The correct term would be septicemia or sepsis, secondary to a urinary tract infection, Hale says.
Documentation enhancement does not mean misrepresenting that patient's condition or the treatment provided; it clarifies what really happened. In this case, it means that a localized urinary tract infection has developed into a systemic infection, or a systemic inflammatory response to that infection, Hale says.
"In many cases, the documentation in the chart doesn't translate into the patient's severity of illness. The patient's condition seems obvious to the doctor from a clinical standpoint but it's not so obvious to the coder and it cannot be most accurately coded from the documentation provided," Eyer says.
For instance using the term "type 2 diabetes — poorly controlled" does not qualify for higher severity but "type 2 diabetes — uncontrolled" does, Hale says.
"Physicians learned a different lingo in medical school. Knowing how to document to accurately represent the patient's severity of illness is not education that most physicians get as part of their training," Hale adds.
Sometimes physician documentation actually reflects a better picture of the patient condition than the clinical term used to code the same condition, Imperati says.
For instance, if a patient has blood in the urine, the physician may write "cherry red urine" on the chart so other health care providers have a clear picture of the urine's color at that point in time. Unless the physician uses the word "hematuria" in the documentation, the true condition of the patient can't be coded, Imperati says.
"We work with the physicians and educate them on language that is codeable. In this case, we ask them to use the word 'hematuria' in addition to the description of the urine, which adds further clarification to the color or extent of the hematuria," Imperati says.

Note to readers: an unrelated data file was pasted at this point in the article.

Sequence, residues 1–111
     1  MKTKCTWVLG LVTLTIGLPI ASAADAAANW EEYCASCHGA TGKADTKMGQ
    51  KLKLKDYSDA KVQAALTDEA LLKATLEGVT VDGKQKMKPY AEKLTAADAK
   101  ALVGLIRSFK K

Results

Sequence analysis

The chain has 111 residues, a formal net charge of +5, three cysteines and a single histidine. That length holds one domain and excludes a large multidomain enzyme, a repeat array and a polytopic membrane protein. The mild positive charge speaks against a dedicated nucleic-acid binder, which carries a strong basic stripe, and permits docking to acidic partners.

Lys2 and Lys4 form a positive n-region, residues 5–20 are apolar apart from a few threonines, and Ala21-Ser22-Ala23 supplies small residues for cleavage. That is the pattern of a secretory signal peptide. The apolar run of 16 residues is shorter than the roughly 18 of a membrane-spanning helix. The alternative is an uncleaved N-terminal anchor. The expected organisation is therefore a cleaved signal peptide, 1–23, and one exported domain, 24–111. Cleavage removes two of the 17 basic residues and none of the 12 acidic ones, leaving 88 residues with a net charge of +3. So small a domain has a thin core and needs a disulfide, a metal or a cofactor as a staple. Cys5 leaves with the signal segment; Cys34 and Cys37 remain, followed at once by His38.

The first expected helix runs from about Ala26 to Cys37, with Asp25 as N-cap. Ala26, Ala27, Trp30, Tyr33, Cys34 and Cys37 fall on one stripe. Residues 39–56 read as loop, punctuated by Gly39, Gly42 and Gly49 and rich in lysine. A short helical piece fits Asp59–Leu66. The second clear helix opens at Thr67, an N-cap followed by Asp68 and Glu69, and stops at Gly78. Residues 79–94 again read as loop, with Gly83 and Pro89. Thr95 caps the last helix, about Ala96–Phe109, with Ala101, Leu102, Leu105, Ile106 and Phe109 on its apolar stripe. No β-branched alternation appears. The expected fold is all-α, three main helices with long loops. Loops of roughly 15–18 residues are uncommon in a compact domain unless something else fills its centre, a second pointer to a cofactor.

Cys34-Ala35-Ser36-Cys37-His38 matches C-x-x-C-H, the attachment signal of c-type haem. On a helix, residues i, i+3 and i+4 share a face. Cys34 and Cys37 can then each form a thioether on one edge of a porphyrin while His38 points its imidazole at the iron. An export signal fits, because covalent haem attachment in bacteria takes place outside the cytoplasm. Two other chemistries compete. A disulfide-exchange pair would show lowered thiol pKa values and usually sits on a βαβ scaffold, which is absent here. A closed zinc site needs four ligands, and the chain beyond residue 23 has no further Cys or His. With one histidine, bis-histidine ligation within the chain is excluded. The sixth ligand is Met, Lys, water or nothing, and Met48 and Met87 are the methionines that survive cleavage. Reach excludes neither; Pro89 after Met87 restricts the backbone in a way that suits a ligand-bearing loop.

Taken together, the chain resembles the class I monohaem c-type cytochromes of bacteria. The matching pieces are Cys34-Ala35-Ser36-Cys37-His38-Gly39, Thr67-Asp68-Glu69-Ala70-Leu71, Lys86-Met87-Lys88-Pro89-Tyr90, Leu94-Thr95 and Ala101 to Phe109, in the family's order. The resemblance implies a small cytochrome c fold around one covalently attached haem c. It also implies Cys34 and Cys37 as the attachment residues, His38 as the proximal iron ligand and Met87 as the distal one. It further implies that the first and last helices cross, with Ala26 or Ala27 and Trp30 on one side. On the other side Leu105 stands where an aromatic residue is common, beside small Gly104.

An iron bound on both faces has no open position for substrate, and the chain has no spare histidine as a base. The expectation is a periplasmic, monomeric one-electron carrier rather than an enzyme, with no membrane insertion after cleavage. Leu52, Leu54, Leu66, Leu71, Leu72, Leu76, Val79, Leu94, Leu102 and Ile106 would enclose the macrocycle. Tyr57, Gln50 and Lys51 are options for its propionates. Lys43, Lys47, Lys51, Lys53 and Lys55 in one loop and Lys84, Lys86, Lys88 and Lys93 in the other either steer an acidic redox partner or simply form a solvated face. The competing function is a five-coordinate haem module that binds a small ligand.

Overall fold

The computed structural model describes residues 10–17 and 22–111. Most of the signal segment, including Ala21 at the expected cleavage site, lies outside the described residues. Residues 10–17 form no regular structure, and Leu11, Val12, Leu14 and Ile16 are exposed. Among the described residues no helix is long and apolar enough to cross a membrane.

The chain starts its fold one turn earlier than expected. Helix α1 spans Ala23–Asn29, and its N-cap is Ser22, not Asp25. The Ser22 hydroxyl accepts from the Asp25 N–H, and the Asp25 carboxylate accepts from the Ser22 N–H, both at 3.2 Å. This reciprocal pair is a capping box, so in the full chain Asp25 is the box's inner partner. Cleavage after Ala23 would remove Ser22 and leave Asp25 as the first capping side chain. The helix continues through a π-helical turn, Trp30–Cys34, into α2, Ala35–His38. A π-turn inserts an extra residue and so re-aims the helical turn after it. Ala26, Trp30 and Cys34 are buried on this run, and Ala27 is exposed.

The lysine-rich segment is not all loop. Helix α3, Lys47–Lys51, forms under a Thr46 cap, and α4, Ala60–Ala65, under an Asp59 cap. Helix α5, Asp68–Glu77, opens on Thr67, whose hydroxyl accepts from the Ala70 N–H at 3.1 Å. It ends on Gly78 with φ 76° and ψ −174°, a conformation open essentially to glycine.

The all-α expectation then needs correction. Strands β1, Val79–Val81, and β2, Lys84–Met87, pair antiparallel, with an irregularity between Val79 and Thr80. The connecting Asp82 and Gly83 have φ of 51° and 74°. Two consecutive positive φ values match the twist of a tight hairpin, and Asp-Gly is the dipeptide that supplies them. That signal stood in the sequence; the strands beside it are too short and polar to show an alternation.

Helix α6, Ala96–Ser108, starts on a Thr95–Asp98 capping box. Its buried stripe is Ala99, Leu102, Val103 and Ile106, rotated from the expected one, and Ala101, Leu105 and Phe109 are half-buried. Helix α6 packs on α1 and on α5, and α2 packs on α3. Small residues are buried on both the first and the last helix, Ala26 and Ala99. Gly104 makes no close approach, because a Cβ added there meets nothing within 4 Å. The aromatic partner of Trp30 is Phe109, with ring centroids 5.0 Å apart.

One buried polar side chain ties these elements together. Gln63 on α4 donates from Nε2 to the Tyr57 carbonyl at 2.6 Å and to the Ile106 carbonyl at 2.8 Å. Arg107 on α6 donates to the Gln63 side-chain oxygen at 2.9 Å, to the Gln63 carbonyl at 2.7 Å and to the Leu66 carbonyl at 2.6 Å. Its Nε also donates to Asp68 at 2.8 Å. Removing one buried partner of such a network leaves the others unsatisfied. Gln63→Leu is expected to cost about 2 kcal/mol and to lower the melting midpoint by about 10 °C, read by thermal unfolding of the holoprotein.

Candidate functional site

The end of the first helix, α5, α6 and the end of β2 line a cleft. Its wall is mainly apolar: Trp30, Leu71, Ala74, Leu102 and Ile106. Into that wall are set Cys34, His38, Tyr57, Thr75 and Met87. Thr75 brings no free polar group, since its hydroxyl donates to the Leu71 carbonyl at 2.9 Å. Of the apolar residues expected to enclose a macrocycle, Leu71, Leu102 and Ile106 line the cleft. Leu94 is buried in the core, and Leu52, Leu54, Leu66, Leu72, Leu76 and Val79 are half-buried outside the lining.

Another common coding problem is the documentation of "blood loss anemia," Imperati says.
"There are several different types of anemia but they are not all comorbidities that will bump up the diagnosis to a higher-weighted DRG. Blood loss is a common cause for anemia, but it is often documented only as 'anemia,'" she says.
To be coded as a comorbidity, the anemia must be linked to blood loss using documentation such as "anemia due to blood loss," "anemia due to GI bleeding," or "acute blood loss anemia," Imperati adds.
Physicians often think that the slash mark (i.e., GI bleed/anemia) infers that the conditions are linked. In reality, the conditions can exist independent of each other, which is why documentation has to reflect that the anemia is directly related to the blood loss, she adds.
"Anemia due to blood loss, acute or chronic, is an often-missed complication/comorbidity [CC] and in cases that do not have another CC, this can make a difference in the correct DRG assignment and reimbursement," Eyer says.
The lab values may reveal that the patient has decreased hemoglobin and hematocrit levels and the chart may reflect a transfusion of two units of blood but the physician does not document that the reason for the transfusion was anemia, she adds.
"Coding guidelines indicate that clinical assumptions may not be made on behalf of the physician and this includes interpreting diagnostic test results. The physician would need to document that condition being treated, such as suspected blood loss anemia, before this documentation could be coded as CC," Eyer says.
(Editor's note: Check out the May issue of Hospital Case Management for a case study of a documentation improvement project.)When it comes to coding, a rose by any other name may mean that your hospital isn't getting the reimbursement it deserves.